Thursday, January 24, 2008

Travel Planning

Planning a fabulous two week adventure in California over Easter should be loads of fun. Right?

Is it just us or has even the business of planning travel become more difficult? With all the electronic options and choices, it should be more efficient but everything is taking longer and frankly, we’re not having much fun. In fact, almost every aspect of the planning for our California trip thus far has been down right frustrating.

To begin with, because we had complex multi-city bi-coastal flights to book, including one leg with unaccompanied minor, we could forget about using websites. The only way we could even price the options was to call each of the airlines, which is not the end of the world, but it is not efficient and we were in endless voicemail holding patterns with every single one. We would have given American Airlines our business so that we could fly back to London via Raleigh Durham, North Carolina but the first reservationist didn’t know how to enter our booking and never call back as she promised. As it turned out, AA was much more expensive so forget it.

OK, we decided to try British Airways. While our tickets were being held for payment, BA pilots announced that they would go out on strike over Easter. OK, we’ll try Virgin Atlantic. Too late, everyone got ahead of us with limited availability and much higher prices. OK, we’ll go back to BA and pray hard they don’t strike. But the BA system could not process the payment for our daughter’s ticket because the address we provided did not match the address for our credit card. Says who! We know where we live. We called the credit card company and they said of course they matched and that the payment had been authorised. Back to BA, who said that the payment for our ticket had gone through but our 10 year old daughters was considered a“high risk” payment so no go for her. It is 48 hours and counting and BA is still trying to sort this out.
[ Addendum: The problem is now resolved. The BA ticketing agent was really great. Three cheers for BA for providing good old fashioned service.]

But NoCrowds does not want to write depressing travel stories. What we need to do is improve our travel planning and consumer protection skills. We think there are lots of people in the blogosphere who can help us and for most of yesterday, we have been searching websites for inspiration. Here’s what we’ve found:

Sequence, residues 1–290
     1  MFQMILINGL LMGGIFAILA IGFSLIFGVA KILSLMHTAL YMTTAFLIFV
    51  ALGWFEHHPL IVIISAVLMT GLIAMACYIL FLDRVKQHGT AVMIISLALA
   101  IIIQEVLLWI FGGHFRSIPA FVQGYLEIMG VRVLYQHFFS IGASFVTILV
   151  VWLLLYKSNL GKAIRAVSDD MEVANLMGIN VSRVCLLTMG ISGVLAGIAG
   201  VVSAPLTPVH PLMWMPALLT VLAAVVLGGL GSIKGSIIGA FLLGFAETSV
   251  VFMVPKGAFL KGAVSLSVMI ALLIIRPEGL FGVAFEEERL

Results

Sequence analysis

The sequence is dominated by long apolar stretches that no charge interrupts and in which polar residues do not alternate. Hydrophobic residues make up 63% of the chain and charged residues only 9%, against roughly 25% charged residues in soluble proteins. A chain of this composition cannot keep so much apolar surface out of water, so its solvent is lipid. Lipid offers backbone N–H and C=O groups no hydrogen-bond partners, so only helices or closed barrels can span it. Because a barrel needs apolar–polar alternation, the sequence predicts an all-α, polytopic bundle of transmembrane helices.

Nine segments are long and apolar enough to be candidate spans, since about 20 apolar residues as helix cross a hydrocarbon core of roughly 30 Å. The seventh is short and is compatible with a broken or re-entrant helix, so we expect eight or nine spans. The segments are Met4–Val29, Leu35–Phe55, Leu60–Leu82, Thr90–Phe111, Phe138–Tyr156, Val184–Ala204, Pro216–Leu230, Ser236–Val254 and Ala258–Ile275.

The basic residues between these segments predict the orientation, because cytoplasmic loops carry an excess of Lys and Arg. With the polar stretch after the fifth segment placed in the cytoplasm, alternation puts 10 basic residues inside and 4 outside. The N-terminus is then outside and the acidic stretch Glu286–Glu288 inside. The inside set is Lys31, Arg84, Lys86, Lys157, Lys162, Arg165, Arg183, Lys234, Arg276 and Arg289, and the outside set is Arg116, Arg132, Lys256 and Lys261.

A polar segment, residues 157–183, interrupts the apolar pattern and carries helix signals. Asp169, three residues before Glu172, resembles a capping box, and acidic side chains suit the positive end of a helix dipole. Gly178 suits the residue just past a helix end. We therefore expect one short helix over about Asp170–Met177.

For content, we love World Hum, a wonderful site with great writing. We were delighted to find that we share their approach to travel, which focuses on the experience, not the destination. For example, when we put “California” into World Hum’s search engine, they pointed us towards two stories which reignited out excitement for our upcoming trip: “Tom Petty’s Los Angeles, from a Travelodge to a long day in Reseda” which looks at the city as a sound track (we’re loading up our iPod) and the New York Times story “Big Sur without Crowds” which is about as close to the NoCrowds sweet spot as you can get.

For practical information, tools and links for tackling some of the peskier aspects of travel planning such as where to find an affordable last minute ticket, negotiating with car rental companies and what to do if your flight is cancelled, we like Smarter Travel, Upgrade:Travel Better , Tripso and Elliott. Much of the material about the state of the travel industry makes for depressing reading but we’re sure that the only way for things to get better is for travellers to arm themselves with information and fight hard for their rights.
Those are some of the sites we found useful for travel planning. If you have any sites to recommend or suggestions about what to do in Los Angeles, Route 1 and San Francisco, we are all ears.
Photo courtesy of the Daily Telegraph

1 comment:

  1. When in LA at Easter:
    1. Enjoy the sunshine and hopefully warm weather, no matter where you are.

    2. Rent a bike in Manhattan Beach and ride down the beath pathway toward Palos Verdes.

    3. Rent a convertible and take an evening drive on Mulholland Drive, and be sure to stop at the valley overlook near Benedict Canyon.

    4. Have dinner at Toscana in Brentwood, because you never know who you will see there.

    5. Drive down Sunset Boulevard from downtown LA to Pacific Palisades, but only after reading "Sunset Boulevard: Cruising the Heart of Los Angeles," by Amy Dawes.

    6. Go to one of the cinemas at "The Grove" and watch a movie with Los Angelenos. No one gets into movies like they do, or sits through all the credits and cheers for all the "little people" who made it happen.